Standing the Test of Time: A Lesson in Sustainability Planning

by Kate Menzies

Note reading - Sustainability: What's Your Plan?Organizations looking to breathe life into new or expanding programs and services often turn to grant funds for needed financial support. That support, however, is typically erratic and temporary in nature. In order for a program to stand the test of time and truly impact rural communities, organizations need to prepare for what will happen after grant funds disappear.

Jeanne Edevold Larson, Executive Director of the Northern Dental Access Center in Bemidji, Minnesota, has had plenty of experience in applying for grant funds and knows the importance of creating a plan for a program’s sustainability.

“Very few funders are interested in long-term funding,” said Larson. “Their first thought is ‘yeah this is great, but what are you going to do once our funding ends?’”

Sustainability doesn’t just happen. It’s a proactive activity.

Grantors seek to invest in organizations who create programs that will have a lasting impact on communities. They don’t want their funds to be the only thing that will keep a program afloat. That is why sustainability plans are essential to grantors and grantees.

“You’ve always got to keep the end in mind,” said Alana Knudson of the NORC Walsh Center for Rural Health Analysis. “Sustainability plans make your proposal that much stronger and show the grantor that you are thinking ahead.”

Larson advised organizations to consider grant funds as a way to see what does or doesn’t work without exhausting an organization’s own funds. It provides an initial cushion so that organizations can see what ways to best allocate their budgets once funding eventually ends.

Having a roadmap and a collective vision of what you want to accomplish at the very beginning of a program is key to ensuring its sustainability.

“Having a roadmap and a collective vision of what you want to accomplish at the very beginning of a program is key to ensuring its sustainability,” said Jayne Berube of the Federal Office of Rural Health Policy.

Considerations for Sustainability Planning

“Staying mission focused is important,” said Larson. “It’s easy to go after grant funding because it’s there, but you have to be mindful that it supports your organization’s purpose and objectives.”

Knudson also added that it is important to take into account who your stakeholders are during this planning time. Ask yourself, “Who are the people who are committed to the program?”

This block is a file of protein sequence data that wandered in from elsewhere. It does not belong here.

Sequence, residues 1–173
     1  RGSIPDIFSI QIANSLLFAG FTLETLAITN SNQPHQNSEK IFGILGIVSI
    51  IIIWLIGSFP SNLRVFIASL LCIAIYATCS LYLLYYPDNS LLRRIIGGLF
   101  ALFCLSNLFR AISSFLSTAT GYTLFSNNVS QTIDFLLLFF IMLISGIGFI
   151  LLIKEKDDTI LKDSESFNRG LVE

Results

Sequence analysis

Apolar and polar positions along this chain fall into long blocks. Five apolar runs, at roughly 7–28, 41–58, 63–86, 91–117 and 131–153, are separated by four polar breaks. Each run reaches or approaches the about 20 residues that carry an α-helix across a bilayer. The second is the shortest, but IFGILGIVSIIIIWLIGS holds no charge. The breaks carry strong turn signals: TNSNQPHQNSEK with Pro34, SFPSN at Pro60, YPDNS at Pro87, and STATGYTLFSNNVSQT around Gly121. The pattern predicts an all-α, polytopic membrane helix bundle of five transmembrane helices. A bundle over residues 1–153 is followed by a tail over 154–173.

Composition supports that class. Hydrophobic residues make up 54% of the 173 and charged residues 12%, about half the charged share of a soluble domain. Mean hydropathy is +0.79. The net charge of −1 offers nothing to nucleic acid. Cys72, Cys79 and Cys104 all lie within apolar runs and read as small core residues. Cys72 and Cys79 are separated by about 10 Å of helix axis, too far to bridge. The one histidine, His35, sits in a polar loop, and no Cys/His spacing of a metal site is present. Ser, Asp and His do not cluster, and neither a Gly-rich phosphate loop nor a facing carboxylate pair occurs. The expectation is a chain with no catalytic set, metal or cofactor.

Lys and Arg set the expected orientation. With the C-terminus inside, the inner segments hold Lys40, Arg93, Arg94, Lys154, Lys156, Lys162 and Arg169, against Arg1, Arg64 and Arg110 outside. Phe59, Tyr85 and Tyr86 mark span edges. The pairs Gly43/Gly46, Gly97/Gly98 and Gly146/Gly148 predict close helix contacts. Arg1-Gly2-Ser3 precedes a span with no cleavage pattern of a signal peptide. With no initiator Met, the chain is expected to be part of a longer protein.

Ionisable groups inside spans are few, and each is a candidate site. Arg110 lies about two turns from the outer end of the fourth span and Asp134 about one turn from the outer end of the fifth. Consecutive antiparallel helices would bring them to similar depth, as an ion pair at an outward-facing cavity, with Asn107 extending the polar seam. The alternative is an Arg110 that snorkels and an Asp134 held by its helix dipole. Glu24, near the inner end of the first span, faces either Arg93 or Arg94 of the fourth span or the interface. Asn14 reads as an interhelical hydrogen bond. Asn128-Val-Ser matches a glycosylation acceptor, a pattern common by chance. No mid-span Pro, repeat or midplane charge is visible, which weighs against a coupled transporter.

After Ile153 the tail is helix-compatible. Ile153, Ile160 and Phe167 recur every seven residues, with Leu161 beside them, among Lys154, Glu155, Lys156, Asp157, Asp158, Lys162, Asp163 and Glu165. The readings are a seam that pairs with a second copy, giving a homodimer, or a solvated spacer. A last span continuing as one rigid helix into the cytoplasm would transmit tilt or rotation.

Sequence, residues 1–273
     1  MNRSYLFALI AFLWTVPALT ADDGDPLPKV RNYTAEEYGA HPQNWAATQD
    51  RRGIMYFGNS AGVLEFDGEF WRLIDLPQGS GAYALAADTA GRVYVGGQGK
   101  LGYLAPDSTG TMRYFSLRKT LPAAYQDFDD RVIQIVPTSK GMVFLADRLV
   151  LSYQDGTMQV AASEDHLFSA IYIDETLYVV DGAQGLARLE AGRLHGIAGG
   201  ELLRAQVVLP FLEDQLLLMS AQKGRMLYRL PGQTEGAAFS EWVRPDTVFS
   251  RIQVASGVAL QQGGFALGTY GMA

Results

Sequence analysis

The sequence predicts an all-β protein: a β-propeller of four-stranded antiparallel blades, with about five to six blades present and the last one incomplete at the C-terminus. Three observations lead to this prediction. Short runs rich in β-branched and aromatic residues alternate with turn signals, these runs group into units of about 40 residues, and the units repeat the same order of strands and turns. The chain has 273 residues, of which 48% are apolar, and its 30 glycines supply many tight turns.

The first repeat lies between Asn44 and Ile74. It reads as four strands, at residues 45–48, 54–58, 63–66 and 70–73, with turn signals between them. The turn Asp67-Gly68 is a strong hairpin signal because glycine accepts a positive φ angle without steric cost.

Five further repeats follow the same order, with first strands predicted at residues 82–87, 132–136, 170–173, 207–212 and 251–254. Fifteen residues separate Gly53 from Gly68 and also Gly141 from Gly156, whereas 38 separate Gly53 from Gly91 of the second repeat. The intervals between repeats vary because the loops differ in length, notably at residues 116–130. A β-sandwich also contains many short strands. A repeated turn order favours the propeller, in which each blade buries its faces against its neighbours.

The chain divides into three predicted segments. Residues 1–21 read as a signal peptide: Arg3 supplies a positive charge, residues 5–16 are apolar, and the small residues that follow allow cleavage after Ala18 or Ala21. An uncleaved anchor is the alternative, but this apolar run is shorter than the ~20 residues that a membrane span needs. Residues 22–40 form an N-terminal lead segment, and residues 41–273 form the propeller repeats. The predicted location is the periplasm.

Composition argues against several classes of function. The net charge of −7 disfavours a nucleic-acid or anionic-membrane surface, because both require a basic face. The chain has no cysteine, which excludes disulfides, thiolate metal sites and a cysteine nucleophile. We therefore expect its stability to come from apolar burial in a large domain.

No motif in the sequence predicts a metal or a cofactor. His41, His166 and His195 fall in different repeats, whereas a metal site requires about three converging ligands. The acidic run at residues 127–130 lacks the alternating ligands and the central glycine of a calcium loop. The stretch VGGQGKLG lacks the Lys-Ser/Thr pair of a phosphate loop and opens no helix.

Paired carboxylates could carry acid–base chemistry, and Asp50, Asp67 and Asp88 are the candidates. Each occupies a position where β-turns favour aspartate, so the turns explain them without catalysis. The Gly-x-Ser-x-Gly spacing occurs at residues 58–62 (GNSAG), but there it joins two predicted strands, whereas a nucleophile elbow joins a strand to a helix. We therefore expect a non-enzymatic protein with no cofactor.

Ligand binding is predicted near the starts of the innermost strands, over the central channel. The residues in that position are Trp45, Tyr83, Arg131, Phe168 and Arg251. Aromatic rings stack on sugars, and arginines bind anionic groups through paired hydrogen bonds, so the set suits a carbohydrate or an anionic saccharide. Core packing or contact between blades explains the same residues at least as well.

Keeping these stakeholders engaged throughout the program is vital, as these people can be a group of champions who will help continue program efforts after funding is depleted.

Organizations should also be prepared to accommodate changes in the healthcare environment and technology when creating a plan for sustainability, according to Berube.

Staying mission focused is important. It’s easy to go after grant funding because it’s there, but you have to be mindful that it supports your organization’s purpose and objectives.

Funders appreciate it when organizations take the time to develop a sustainable vision for the future. When looking at sustainability plans, there are many factors grantors will consider.

“A grantor is going to be looking at issues around a program’s positioning, how it fits within the grantor’s and grantee’s strategic visions, if it has the capacity to carry out this vision, and if the right leadership is in place,” said Beverly Tyler, Director of the Community Health Systems Development Team at the Georgia Health Policy Center.

Grant funders typically have constraints as to how money can be spent. They want to invest in organizations with a good track record and a solid financial base, as it is often less risky.

“Grantors often juggle contradictory ideas,” said Larson. “They want new and innovative programs, yet embedded in best practices. They look for proposals that can dance the dance in a way that makes sense.”

Knudson added that funders look for levels of accountability within organizations seeking funding and what funding mechanism is being envisioned for post-grant funding.

Community stakeholders also need to be taken into consideration.

“There has to be a need that is locally driven in order for a program to be successful,” said Knudson.

The Grant is Ending. Now What?

Looking for tools to help with your planning efforts? Check out Sustainability Planning Tools.

Having the sustainability plan in place and actively working it during the grant period will position the organization well to keep the program going. However, Tyler notes that the plan needs to include steps to gauge whether the program should be continued once the grant funding ends.

“A critical assessment of the impact of your work and what you’ve done needs to take place,” said Tyler.

Program costs, impact, and results all need to be examined. Tyler mentioned that sometimes program activities will need to be scaled down or adapted in order to better sustain the program. At this point, organizations need to ask themselves tough questions, such as “What new or different partners do we need to continue? Do we have the right partners/staffing at the table? Can we afford this level of staffing? What part of the budget can we get in kind?” to make sure they continue on the right path.

Most of the time, according to Tyler, programs get absorbed by their consortium members once funding ends.

Sustainability plans are a great way to aim for a positive return on investment. No organization wants to have a program disappear once grant funding ends. Organizations need to be diligent in creating and adapting a sustainability plan throughout the course of a project to make sure programs are available to serve rural communities for years to come.

“Sustainability doesn’t just happen,” said Knudson. “It’s a proactive activity.”